If you’ve never cared for the store-bought stuff or even most homemade versions, you’re not alone. But just wait until you’ve tried this ultimate homemade mincemeat recipe – it’s a total game-changer! Whether you’ve never liked mincemeat or you’ve always loved it, prepare to either be converted or to fall more deeply in love!
Few people today know the taste of true, authentic mincemeat, a dish dating back to the 11th century. And that explains why very few people I know actually truly enjoy mincemeat versus simply eating it out of tradition (or being forced to so as not to offend Grandma!). Sadly the authentic way of making mincemeat has been largely lost in the last century.
Whatever Happened to Traditional Mincemeat?
And I say lost, not because it’s been erased completely, rather because mincemeat has changed so much, some of its most important elements having been left out, that it just barely resembles its original ancestor. Of the many traditional British dishes that have undergone some form of alteration over the years, mincemeat has probably changed the most. That is largely due to the common omission of mincemeat’s two key ingredients: Meat (traditionally beef or lamb) and suet.
Things like wartime rations on meat, British culinary tastes moving away from sweet-savory combinations, and shifting trends away from the traditional use of suet (read my article on why you should use suet and lard – in short, medical research confirms our ancestors were right after all!) contributed to the gradual moving away from the inclusion of meat and suet in mincemeat. The result of these changes is manifest in the tiny mince pies of today that are almost sickly sweet without the savory meat and suet to round out the flavors and also fairly flat and one-dimensional in flavor profile without the complexity of the savory ingredients. This beloved dish of both the common folk and royalty (savored by generations of kings who enjoyed mince pies during their coronations and at their stately tables) sadly has been reduced to something that is a mere vestige, a residue, of what it once was – the spirits of centuries ago hover over what is passed off today as mincemeat while clenching their fists and wailing in agony.
Okay, that’s a little dramatic.
The Essential Ingredients in Authentic, Old Fashioned Mincemeat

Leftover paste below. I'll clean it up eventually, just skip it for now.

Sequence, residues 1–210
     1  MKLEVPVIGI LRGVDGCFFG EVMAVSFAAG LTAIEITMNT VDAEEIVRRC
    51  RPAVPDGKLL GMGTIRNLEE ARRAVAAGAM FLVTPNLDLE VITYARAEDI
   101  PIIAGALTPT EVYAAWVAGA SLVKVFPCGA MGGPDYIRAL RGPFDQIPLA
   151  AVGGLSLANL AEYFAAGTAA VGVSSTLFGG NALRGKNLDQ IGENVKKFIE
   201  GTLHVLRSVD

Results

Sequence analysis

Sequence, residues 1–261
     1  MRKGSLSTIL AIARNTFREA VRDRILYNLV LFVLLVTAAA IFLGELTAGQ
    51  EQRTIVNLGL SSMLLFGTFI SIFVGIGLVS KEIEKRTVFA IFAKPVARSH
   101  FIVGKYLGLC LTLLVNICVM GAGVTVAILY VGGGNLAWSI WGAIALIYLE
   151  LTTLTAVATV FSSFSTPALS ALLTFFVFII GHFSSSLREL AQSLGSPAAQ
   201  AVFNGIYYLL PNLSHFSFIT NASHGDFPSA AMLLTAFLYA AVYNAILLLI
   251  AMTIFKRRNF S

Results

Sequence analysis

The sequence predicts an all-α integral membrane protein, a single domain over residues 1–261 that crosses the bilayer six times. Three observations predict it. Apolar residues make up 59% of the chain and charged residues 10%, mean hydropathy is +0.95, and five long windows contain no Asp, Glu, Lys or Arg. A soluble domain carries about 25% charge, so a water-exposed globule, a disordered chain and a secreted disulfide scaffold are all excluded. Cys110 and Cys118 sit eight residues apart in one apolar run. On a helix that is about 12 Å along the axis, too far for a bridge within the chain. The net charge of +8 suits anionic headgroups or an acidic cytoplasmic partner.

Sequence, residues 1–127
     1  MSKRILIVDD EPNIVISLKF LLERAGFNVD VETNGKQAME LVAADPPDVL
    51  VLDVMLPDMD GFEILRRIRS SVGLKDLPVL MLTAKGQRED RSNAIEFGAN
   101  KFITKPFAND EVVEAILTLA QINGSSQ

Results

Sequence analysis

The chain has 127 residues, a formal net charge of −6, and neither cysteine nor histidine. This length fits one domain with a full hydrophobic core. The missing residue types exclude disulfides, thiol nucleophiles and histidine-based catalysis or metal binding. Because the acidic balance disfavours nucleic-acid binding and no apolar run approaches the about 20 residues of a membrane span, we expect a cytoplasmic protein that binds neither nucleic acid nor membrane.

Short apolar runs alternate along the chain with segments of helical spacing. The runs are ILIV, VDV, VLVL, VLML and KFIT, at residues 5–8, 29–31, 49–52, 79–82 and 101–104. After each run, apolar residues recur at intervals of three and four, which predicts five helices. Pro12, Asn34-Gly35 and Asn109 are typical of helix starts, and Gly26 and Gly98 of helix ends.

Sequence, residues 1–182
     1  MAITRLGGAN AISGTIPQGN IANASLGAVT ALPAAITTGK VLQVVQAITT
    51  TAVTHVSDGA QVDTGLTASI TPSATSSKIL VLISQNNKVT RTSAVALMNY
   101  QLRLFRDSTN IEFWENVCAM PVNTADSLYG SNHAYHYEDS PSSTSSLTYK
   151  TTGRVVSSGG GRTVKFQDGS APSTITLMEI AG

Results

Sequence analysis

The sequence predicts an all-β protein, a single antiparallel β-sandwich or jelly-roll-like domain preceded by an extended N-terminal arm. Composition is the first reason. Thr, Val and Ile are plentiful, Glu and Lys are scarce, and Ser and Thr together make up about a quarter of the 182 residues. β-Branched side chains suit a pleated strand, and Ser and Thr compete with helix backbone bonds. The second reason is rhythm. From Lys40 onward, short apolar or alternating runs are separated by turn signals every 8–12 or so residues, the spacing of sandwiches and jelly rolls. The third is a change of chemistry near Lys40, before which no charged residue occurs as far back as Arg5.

Many generations ago people would experience mincemeat as a robust and sweet-savory meat-based mixture that conjured up what seemed like a thousand flavor sensations. Pair that with the incomparable texture that suet contributes to pie crust as it’s baked with the mincemeat and it’s no wonder that mincemeat pie was a heralded favorite for many centuries in the United Kingdom and then made its way to become a tradition in Canada, Australia, New Zealand, Ireland, Northern Europe, South Africa, and the New England region of the U.S..
Mince pies are still considered an essential accompaniment to holiday dinners today. But to be truly “traditional”, mincemeat requires meat and suet.
Christmas Pie by William Henry Hunt (1790-1864)
A note about SUGAR: Centuries ago mincemeat was far less sweet than it is today. Though it was made with fruits to add sweetness and to help preserve it (the fructose content), no sugar was added. Feel free to cut back on the brown sugar if you prefer.
A note about MEAT: If you’re put off at the thought of adding meat to mincemeat like our ancestors did for centuries, think of it this way: Imagine a Moroccan tagine – a dish of beef or lamb that is slow cooked with dried fruit, nuts and a myriad of aromatic spices. It’s downright amazing. Mincemeat, which not surprisingly originates from the Crusaders bringing the spices and method back with them from the Middle East, is a very similar concept: Beef that is simmered with dried fruits, nuts and a wonderful host of spices. That doesn’t sound so bad, does it? The mincemeat is stored for a while (under a layer of fat, a centuries-old method of preservation) so the flavors can deepen, and then it’s baked in a flaky pie. Heaven.
Why Should I Make My Own Candied Citrus Peel?
Another aspect that has always been off-putting to me about mincemeat is the overpowering flavor of the commercial candied citrus peel that’s called for in most recipes. It has a strong chemical-astringent flavor that many people dislike. For that reason I use and highly recommend making your own homemade candied citrus peel for this mincemeat. Trust me, the flavor is incomparable and puts the store-bought stuff to miserable shame. And good candied citrus peel gives mincemeat an incredible flavor boost. That said, if you don’t mind store-bought candied citrus peel and want to save yourself the effort, feel free to use it.
Check out our post on How To Make Candied Citrus Peel.
A note about the SUET: While you “can” substitute butter (and even coconut oil, though that will greatly alter the flavor), I highly recommend suet for both flavor and texture, especially if you’re making mince pies. If you’ve ever made pie crust with suet you’ll understand – the end result is flaky and flavorful perfection unlike anything else. When you’re baking your mince pies the suet will bake into the pie crust enhancing texture and flavor.
I usually make my own suet when I have access to some kidney fat from locally-raised, grass-fed cows. But for a store-bought option I recommend Atora Shredded Beef Suet from England and a household name since 1893.
Can You Can Mincemeat For Long-Term Storage?
A note about PRESERVING: Traditionally mincemeat would be made the year before it’s eaten to give the flavors time do develop and deepen. While time does improve it, it is delicious eaten within just a few days. However, if you want to store it there are several options: